Sequence-depth coverage on chromosome 8 of standard small insert PE reads (blue dots) and long-range PE reads (red dots). Sequence depth was calculated in 10 kb-window for a total of ∼7-fold combined sequencing data from long-range PE libraries (except the 10 kb-dam and 10 kb-WGA data) and 7-fold sequencing data from standard small-insert libraries.

https://doi.org/10.1371/journal.pone.0046211.s001

(DOCX)

Figure S2.

Physical coverage distribution of long-range PE libraries data on human genome. A subset data of properly mapped unique read pairs that represent ∼20-fold physical coverage on the human genome for each 2-kb (red), 5-kb (blue), 10-kb (green), 20-kb (black) and 35-kb libraries (orange) was sampled (base on the total data of 35-kb library) the analysis.Poisson (no bias) distributions (gray) with λ = 20 is also shown. Poisson distribution is the expected if there were absolutely no bias.

https://doi.org/10.1371/journal.pone.0046211.s002

(DOCX)

Figure S3.

Alignments between the YH scaffolds and the reference human genome (Chr1–7, 9–22, X and Y).

https://doi.org/10.1371/journal.pone.0046211.s003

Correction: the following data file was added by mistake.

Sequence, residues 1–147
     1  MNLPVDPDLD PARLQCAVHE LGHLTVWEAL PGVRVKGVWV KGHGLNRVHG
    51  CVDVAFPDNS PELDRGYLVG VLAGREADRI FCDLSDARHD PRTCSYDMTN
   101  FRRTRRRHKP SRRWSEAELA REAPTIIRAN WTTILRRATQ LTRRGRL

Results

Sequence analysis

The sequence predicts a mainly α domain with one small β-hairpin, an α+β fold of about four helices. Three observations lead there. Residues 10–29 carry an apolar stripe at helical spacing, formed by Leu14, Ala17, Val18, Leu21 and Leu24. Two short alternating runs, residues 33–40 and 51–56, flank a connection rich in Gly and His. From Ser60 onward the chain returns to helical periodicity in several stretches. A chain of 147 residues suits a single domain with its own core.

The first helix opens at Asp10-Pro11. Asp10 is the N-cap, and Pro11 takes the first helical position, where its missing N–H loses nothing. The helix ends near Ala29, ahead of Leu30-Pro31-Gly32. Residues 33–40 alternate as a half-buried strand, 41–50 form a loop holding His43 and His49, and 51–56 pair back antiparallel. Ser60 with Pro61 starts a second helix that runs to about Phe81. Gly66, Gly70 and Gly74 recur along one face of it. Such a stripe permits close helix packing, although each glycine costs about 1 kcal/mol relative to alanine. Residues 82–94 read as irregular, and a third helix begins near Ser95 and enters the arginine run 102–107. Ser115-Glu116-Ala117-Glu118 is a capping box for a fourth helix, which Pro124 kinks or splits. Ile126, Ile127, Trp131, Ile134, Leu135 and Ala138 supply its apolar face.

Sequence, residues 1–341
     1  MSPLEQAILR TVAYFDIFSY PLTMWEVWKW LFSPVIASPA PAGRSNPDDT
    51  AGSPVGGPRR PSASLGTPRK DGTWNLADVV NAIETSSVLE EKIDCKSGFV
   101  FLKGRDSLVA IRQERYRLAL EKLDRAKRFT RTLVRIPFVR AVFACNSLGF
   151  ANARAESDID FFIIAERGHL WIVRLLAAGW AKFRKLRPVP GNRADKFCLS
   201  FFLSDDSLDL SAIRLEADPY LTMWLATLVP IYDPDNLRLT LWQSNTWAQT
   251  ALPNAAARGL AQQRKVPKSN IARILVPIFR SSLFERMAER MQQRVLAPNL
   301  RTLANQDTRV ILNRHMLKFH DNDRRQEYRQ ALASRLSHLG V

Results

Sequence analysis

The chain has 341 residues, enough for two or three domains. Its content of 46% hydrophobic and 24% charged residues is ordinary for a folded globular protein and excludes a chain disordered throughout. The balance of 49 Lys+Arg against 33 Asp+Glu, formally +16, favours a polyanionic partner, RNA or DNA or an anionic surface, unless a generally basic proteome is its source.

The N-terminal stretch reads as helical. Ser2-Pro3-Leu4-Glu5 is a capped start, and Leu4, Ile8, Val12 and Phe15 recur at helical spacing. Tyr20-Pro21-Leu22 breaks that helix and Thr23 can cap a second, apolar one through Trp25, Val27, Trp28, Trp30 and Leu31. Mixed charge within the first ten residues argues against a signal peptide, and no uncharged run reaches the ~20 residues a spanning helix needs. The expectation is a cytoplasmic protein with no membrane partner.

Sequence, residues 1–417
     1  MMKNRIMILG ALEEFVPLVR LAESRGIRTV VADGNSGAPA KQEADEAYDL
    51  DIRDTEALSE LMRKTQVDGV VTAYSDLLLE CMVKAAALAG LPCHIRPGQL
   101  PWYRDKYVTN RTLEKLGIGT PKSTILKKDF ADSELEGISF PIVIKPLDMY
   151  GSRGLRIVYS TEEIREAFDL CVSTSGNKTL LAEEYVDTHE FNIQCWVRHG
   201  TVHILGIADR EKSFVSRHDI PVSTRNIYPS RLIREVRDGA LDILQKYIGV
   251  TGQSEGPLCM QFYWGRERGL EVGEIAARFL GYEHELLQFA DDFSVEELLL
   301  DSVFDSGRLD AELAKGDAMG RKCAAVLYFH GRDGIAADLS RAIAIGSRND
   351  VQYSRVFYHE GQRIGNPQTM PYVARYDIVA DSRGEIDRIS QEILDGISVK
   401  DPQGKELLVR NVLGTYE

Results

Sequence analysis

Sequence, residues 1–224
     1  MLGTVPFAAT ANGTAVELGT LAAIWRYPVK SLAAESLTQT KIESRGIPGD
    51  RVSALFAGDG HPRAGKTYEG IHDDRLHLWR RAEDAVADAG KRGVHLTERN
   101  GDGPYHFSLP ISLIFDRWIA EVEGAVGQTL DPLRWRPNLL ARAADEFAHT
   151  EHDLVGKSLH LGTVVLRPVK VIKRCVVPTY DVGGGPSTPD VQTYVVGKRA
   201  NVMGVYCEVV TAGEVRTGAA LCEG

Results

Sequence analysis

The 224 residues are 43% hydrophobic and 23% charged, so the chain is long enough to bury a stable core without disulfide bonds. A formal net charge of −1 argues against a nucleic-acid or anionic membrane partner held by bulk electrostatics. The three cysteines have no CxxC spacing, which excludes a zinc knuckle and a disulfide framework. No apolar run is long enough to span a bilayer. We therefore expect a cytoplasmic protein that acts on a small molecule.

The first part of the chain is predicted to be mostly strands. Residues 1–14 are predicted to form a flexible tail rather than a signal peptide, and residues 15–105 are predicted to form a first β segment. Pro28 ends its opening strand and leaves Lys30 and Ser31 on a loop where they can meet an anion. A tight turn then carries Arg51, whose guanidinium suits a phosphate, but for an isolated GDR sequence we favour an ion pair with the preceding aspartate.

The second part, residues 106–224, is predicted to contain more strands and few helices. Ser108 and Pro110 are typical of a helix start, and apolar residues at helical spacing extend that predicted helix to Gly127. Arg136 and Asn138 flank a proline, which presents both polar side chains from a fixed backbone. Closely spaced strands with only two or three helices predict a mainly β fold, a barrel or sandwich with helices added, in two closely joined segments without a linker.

(DOC)

Figure S4.

PCR experimental validation of a newly identified ∼7-kb insertion in the YH genome chr14.

https://doi.org/10.1371/journal.pone.0046211.s004

(DOCX)

Table S1.

Comparison of protocols for long-range PE sequencing methods.

https://doi.org/10.1371/journal.pone.0046211.s005

(XLS)

Table S2.

PCR primer information of the insertion on chr14.

https://doi.org/10.1371/journal.pone.0046211.s006

(XLS)

Acknowledgments

The authors thank the members of BGI-Shenzhen genome sequencing team for help with sequencing, Jun He from BGI-Shenzhen cancer genome sequencing team for assistance with YH Structural Variants analysis, Scott Edmunds for helps in manuscript revision.

Author Contributions

Conceived and designed the experiments: A CG JW XZ. Performed the experiments: CG KW. Analyzed the data: YC QC YW YL HC. Contributed reagents/materials/analysis tools: HY. Wrote the paper: A CG.